Audio/video player controls should facilitate changing playback rate

Listening or viewing non-fiction/non-art (eg lectures, presentations) at realtime speed is tiresome. I’ve long used rbpitch (but more control than I need or want) or VLC’s built-in playback speed menu (but mildly annoyed by “Faster” and “Faster (fine)”; would prefer to see exact rate) and am grateful that most videos on YouTube now feature a playback UI that allows playback at 1.5x or 2x speed. The UI I like the best so far is Coursera’s, which very prominently facilitates switching to 1.5x or 2x speed as well as up and down by 0.25x increments, and saving a per-course playback rate preference.

HTML5 audio and video unadorned with a customized UI (latter is what I’m seeing at YouTube and Coursera) is not everywhere, but it’s becoming more common, and probably will continue to as adding video or audio content to a page is now as easy as adding a non-moving image, at least if default playback UI in browsers is featureful. I hope for this outcome, as hosting site customizations often obscure functionality, eg by taking over the context menu (could browsers provide a way for users to always obtain the default context menu on demand?).

Last month I submitted a feature request for Firefox to support changing playback speed in the default UI, and I’m really happy with the response. The feature is now available in nightly builds (which are non-scary; I’ve run nothing else for a long time; they just auto-update approximately daily, include all the latest improvements, and in my experience are as stable as releases, which these days means very stable) and should be available in a general release in approximately 18-24 weeks. You can test the feature on the page the screenshot above is from; note it will work on some of the videos, but for others the host has hijacked the context menu. Or something that really benefits from 2x speed (which is not at all ludicrous; it’s my normal speed for lectures and presentations that I’m paying close attention to).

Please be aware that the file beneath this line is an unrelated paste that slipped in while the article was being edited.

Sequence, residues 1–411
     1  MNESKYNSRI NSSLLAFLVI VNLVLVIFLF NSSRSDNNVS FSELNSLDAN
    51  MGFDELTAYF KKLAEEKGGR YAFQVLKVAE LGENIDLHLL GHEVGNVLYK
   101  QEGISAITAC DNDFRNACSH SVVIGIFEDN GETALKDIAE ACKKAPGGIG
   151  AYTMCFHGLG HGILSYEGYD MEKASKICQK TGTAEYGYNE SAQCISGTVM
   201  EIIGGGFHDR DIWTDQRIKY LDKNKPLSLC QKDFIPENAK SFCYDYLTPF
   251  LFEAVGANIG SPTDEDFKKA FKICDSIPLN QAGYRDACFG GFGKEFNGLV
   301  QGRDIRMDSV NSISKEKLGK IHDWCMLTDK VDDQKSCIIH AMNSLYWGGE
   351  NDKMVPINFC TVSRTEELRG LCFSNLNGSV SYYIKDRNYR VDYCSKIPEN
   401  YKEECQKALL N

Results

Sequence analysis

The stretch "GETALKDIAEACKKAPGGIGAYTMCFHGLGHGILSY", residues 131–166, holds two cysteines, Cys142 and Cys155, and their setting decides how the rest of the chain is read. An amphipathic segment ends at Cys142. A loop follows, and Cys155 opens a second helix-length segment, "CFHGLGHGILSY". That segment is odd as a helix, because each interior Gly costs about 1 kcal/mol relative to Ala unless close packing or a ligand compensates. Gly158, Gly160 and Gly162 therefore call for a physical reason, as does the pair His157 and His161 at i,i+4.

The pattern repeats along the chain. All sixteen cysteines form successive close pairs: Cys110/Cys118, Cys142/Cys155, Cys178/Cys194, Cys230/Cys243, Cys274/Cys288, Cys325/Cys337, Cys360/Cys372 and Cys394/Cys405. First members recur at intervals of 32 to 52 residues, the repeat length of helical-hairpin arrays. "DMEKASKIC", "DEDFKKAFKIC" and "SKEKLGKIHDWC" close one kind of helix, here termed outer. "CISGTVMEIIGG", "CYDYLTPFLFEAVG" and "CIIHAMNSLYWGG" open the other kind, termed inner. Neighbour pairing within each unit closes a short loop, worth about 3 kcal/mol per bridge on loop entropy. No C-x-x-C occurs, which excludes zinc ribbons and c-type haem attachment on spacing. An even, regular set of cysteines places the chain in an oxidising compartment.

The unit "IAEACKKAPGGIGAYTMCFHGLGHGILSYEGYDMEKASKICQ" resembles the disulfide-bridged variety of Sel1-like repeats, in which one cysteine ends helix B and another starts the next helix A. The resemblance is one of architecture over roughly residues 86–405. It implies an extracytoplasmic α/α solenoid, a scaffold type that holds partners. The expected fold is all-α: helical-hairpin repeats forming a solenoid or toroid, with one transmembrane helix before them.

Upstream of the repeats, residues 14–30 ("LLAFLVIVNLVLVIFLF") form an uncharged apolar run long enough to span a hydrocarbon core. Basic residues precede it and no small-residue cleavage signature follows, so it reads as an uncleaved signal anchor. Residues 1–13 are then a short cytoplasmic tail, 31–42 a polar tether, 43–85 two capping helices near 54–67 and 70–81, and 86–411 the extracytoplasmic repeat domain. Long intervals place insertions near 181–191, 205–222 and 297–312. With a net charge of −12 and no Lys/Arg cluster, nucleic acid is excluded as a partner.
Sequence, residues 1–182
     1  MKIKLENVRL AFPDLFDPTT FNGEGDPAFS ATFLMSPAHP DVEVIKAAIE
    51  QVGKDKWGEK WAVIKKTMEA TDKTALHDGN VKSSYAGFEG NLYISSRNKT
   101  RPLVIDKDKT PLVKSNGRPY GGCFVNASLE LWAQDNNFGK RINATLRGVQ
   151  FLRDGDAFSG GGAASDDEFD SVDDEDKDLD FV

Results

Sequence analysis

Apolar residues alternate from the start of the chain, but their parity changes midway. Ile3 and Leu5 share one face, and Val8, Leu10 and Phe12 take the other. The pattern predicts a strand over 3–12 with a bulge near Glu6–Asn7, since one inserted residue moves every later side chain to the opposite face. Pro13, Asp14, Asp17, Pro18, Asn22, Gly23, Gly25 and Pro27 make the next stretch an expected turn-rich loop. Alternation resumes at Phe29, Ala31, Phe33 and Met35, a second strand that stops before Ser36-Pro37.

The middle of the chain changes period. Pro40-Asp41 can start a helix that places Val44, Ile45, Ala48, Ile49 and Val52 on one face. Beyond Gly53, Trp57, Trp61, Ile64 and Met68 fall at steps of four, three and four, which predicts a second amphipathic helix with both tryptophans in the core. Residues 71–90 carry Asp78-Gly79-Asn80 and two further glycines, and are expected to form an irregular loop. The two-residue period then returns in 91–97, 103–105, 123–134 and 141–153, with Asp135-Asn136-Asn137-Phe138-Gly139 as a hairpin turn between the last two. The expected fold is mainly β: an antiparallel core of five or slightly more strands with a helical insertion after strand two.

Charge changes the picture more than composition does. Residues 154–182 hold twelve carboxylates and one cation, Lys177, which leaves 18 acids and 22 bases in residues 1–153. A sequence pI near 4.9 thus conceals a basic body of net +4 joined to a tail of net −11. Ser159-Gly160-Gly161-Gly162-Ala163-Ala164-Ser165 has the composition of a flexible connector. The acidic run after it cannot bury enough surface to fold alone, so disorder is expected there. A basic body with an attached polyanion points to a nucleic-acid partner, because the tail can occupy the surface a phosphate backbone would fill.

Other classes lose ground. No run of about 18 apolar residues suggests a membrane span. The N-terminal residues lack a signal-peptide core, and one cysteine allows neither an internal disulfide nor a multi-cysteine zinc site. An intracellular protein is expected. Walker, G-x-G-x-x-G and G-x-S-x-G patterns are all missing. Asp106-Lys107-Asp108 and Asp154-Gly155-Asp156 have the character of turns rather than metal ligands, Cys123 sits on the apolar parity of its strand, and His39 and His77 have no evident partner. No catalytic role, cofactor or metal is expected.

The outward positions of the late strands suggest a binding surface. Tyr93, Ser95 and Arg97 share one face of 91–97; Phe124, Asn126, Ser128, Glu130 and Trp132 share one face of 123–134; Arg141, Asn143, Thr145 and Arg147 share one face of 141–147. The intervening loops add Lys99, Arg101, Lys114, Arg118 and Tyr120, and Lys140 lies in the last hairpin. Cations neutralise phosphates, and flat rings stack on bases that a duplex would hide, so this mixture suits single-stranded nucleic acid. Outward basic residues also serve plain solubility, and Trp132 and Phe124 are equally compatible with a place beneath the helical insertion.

Even better, the request was almost immediately triaged as a “[good first bug]” and assigned a mentor (Jared Wein) who provided some strong hints as to what would need to be done, so strong that I was motivated to set up a Firefox development environment (mostly well documented and easy; the only problem I had was figuring out which of the various test harnesses available to test Firefox in various ways was the right one to run my tests) and get an unpolished version of the feature working for myself. I stopped when darkowlzz indicated interest, and it was fun to watch darkolzz, Jared, and a couple others interact over the next few weeks to develop a production-ready version of the feature. Thank you Jared and darkowlzz! (While looking for links for each, I noticed Jared posted about the new feature, check that out!)

Kodus also to Mozilla for having a solid easy bug and mentoring process in place. I doubt I’ll ever contribute anything non-trivial, but the next time I get around to making a simple feature request, I’ll be much more likely to think about attempting a solution myself. It’s fairly common now for projects have at least tag easy bugs; OpenHatch aggregates many of those. I’m not sure how common mentored bugs are.

I also lucked out in that support for setting playback rate from javascript had recently been implemented in Firefox. Also see documentation for the javascript API for HTML5 media elements and what browser versions implement each.

Back to playback rate, I’d really like to see anything that provides an interface to playing timed media to facilitate changing playback rate. Anything else is a huge waste of users’ time and attention. A user preference for playback rate (which might be as simple as always using the last rate, or as complicated as a user-specified calculation based on source and other metadata) would be a nice bonus.

3 Responses

  1. […] auto-upgrade to, includes the “change HTML5 audio/video playback rate” feature that I submitted a feature request for a few months ago. […]

  2. […] winner, A Penny for Your Thoughts, is actually slightly less than 15 minutes long. Sadly the player obscures the browser context menu and doesn’t provide a way to increase playback rate, so first, a default HTML5 player loaded […]

  3. Jared says:

    Great write-up and I’m happy that I was able to help out a tiny bit in getting your feature request implemented. I’d be more than happy to help mentor you in fixing a bug in Firefox :-)

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